While many ecovillage residents have been involved in antagonistic power dynamics manifested in contentious protest movements, the predominant approach of the Global Ecovillage Network seems to be one of cooperation and synergy. This is illustrated by e.g. co-founding the meta-network ECOLISE [6], the organisation of the European Day of Sustainable Communities which aims to inform and engage a wider audience in community-led sustainability, and the collaboration with the European Economic and Social Council to co-organise a ‘learning-conference’ on Citizens and municipalities – Building sustainability through collaboration. The overall tone is that of communities and citizens being ‘equal’ partners for (local) governments, together challenging the power of multinational companies or (inter)national policies that are seen to be ecologically and socially harmful. At the same time, however, at the local level, the relation between ecovillages and municipalities is often a particularly challenging one, with considerably conflicts over land use planning, construction regulations or other issues (see for instance the TRANSIT case-study on Ecovillage Bergen’s development and its challenges with local government around land-use and construction regulations).

Transformative potential

Ecovillages have transformative potential in the sense that they “empower communities of people to live alternative lifestyles according to their own values, despite many structural barriers in the mainstream societal context. Not only does the ecovillage movement provide residents with increased access to existing resources, they also empower them to create and invent new resources, such as new technologies, new currencies (e.g. interest free currency) and new natural resources. Rather than having to ‘buy’ or ‘compete’ over existing resources, ecovillage residents develop and create their own. By doing so, they fundamentally change existing power relations in that the one-sides dependency on existing industries or governments for having access to such resources, is replaced by a situation of independence” (Avelino & Kunze 2015).

On the one hand, ecovillages can be seen as standing outside mainstream society and supplementing dominant structures & institutions, rather than challenging, altering or replacing them. Many ecovillage “create an entire new social context by forming new communities from which new structures and institutions emerge; as the community develops in time, new norms, new rules and new traditions are established” (Avelino & Kunze 2009).

On the other hand, these innovations can also be seen as challenging existing structures in the sense that these different ecovillage experiments are being spread and shared across the world and used to create new approaches and standards and to reconsider existing ones, be it in construction, energy, land-use, community-planning, agriculture or financing. By demonstrating that alternative forms of living are not only possible but already happening, they are challenging existing structures and power relations in current energy, food, water and housing systems. Moreover, they do not only challenge existing regimes in specific functional systems, but also underlying dominant landscape trends in the broader societal context, such as a neo-liberal paradigm, a drive for economic growth, individualism, materialism, consumerism, acceleration, privatization, formalization, centralisation, and so on. As argued by Lara Monticelli (2018), the ecovillage movement is focused on ‘prefiguring’ their future vision, i.e. “embody their ultimate goals and their vision of a future society through their ongoing social practices, social relations, decision-making philosophy and culture” and “not only opposing capitalism but also prefiguring post-capitalist societies. These movements are re-thinking and re-politicising conventional modes of production, consumption and living by defending, restoring and creating spaces of resistance and experimentation” (Monticelli 2018: 509-515).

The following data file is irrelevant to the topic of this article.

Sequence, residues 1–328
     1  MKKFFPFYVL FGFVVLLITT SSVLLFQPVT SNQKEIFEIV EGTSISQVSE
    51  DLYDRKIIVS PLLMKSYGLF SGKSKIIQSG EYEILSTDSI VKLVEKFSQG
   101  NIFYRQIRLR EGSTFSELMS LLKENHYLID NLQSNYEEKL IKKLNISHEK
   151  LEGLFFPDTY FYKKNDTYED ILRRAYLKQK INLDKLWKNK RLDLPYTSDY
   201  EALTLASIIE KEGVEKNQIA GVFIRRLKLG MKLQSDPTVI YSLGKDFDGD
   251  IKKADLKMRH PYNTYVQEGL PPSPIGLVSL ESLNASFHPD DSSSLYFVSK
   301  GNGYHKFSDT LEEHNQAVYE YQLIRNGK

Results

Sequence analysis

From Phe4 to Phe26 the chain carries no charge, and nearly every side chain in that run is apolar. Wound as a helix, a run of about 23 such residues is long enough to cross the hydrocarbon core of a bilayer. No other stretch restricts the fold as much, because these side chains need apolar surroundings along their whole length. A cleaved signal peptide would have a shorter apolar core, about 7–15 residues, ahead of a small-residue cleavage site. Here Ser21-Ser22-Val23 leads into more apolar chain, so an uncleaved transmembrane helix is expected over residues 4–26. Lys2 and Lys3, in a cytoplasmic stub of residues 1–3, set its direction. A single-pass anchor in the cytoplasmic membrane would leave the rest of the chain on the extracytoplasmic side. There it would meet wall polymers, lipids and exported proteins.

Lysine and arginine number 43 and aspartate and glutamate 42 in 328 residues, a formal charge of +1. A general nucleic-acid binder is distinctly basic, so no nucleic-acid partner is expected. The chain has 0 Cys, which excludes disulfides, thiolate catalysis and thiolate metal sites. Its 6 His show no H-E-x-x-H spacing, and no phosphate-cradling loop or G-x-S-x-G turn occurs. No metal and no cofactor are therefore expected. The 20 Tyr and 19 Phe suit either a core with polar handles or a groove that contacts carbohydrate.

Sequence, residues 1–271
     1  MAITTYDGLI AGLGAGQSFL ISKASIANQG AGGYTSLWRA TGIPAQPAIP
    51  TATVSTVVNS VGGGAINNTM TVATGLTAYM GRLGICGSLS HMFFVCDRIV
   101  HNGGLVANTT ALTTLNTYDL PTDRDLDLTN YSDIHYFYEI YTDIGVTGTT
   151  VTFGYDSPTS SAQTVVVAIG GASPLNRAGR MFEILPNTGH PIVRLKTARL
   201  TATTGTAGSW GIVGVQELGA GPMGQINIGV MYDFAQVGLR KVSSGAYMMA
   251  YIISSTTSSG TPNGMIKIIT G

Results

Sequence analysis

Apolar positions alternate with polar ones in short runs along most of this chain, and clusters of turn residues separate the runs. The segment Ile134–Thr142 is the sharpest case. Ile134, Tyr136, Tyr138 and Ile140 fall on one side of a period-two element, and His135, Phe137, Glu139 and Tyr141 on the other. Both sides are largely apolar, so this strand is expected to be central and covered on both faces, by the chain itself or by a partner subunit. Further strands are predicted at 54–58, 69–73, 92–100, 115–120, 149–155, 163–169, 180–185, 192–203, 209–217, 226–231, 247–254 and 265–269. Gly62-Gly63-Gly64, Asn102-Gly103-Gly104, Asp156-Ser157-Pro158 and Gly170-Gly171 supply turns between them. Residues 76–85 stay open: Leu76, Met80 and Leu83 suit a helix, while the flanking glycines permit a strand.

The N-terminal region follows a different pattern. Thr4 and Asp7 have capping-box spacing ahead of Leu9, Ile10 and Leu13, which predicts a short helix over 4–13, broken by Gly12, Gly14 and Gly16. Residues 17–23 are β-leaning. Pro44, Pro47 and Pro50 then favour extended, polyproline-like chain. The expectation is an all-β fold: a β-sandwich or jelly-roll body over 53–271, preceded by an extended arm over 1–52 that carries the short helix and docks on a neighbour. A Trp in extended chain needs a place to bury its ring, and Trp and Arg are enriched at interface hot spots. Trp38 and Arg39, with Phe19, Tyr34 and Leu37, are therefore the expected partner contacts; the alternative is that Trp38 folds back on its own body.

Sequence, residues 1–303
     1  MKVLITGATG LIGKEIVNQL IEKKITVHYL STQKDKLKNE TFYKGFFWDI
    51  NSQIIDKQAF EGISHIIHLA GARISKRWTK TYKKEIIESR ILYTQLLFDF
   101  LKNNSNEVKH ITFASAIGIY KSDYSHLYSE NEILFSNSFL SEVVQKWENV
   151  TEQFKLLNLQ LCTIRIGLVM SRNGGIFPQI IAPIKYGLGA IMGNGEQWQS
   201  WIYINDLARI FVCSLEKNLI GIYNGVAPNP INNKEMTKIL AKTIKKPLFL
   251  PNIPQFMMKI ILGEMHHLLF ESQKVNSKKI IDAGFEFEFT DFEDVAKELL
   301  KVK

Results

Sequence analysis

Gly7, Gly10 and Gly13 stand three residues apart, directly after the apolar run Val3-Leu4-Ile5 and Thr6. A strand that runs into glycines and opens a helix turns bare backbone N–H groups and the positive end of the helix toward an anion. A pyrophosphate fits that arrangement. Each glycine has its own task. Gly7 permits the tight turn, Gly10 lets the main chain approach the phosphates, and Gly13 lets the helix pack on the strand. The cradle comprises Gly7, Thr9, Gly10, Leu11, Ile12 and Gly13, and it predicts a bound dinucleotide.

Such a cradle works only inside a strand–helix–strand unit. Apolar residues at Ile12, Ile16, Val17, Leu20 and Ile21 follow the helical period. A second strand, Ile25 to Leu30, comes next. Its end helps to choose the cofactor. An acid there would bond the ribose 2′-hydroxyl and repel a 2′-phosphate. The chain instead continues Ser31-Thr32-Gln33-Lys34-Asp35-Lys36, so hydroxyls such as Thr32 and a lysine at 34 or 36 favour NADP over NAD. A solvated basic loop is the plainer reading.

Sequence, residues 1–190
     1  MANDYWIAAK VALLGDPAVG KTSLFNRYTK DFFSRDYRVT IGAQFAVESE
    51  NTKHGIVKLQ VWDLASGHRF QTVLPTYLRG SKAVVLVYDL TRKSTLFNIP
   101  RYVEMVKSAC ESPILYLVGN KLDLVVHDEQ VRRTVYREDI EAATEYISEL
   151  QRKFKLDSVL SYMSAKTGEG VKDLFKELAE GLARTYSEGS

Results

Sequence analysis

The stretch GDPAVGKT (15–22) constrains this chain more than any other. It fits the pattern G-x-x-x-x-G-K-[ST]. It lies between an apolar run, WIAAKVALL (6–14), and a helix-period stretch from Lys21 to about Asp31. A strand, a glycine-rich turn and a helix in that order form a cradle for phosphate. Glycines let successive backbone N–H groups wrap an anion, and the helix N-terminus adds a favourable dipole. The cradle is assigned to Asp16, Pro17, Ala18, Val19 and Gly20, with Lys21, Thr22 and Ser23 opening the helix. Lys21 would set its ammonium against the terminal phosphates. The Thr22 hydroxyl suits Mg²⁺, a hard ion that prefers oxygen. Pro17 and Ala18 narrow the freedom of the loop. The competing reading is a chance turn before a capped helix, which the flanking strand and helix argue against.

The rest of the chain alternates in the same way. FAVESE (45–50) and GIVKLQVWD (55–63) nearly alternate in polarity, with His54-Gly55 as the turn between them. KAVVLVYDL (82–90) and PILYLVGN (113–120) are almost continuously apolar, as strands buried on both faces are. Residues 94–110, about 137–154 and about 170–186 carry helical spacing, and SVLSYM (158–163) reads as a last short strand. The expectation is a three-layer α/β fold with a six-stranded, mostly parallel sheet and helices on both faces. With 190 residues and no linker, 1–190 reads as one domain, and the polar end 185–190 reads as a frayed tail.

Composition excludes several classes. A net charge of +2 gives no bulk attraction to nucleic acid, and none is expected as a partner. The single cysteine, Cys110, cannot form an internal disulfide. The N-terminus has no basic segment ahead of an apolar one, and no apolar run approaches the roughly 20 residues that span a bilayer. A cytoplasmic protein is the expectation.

At a closer look, besides the many activist and grassroots alternatives, ecovillages also do more explicit ‘institutional work’ in the sense that many/most ecovillages face conflicts with local governments or other authorities regarding zoning regulations, construction rules, collective ownership and (home)schooling. These struggles, and the resulting escalations, concessions and/or resolutions thereof, set important precedents and for future eco-community initiatives. By doing so, the ecovillage movement has a transformative potential to empower community-led initiatives by challenging the dominance of the formalised and centralised structures of both market and state-led organisations (Avelino & Wittmayer 2019).


Cloughjordan ecovillage is based in Ireland. Its first houses were built in 2009 and it currently includes “55 low-carbon homes, Ireland's lowest ecological footprint, a carbon-neutral district heating system, a community farm, green enterprise centre, and a planned reed bed treatment plant”.

Tamera ecovillage was founded in 1995 and is now inhabited by 170 people who live and work on a site of 330 acres/ 134 located 20kms off the west coast in the Alentejo region in southern Portugal. In addition to the permanent community, there are hundreds of guests who temporarily live and work in Tamera.

Ecovillage Schloss Tempelhof which was started in 2007, has located in the Jagstregion, a rural area in Southern Germany, state of Baden-Württemberg, and has grown from 20 to 140 inhabitants in only three years with a site of 32ha (4ha Buildings, 27ha agrarian land incl. 1ha forest). The Tempelhof foundation owns the property and all residents are voting members.

Findhorn Foundation started rather unintened in 1962 in Scotland and grew out to be one of the founding members of the Global Ecovillage Network. At the moment the Findhorn Foundation consists of two sites where about 120 people work and live. Findhorn can also be visited for events, workshops or participation in the life of the community.

Additional reading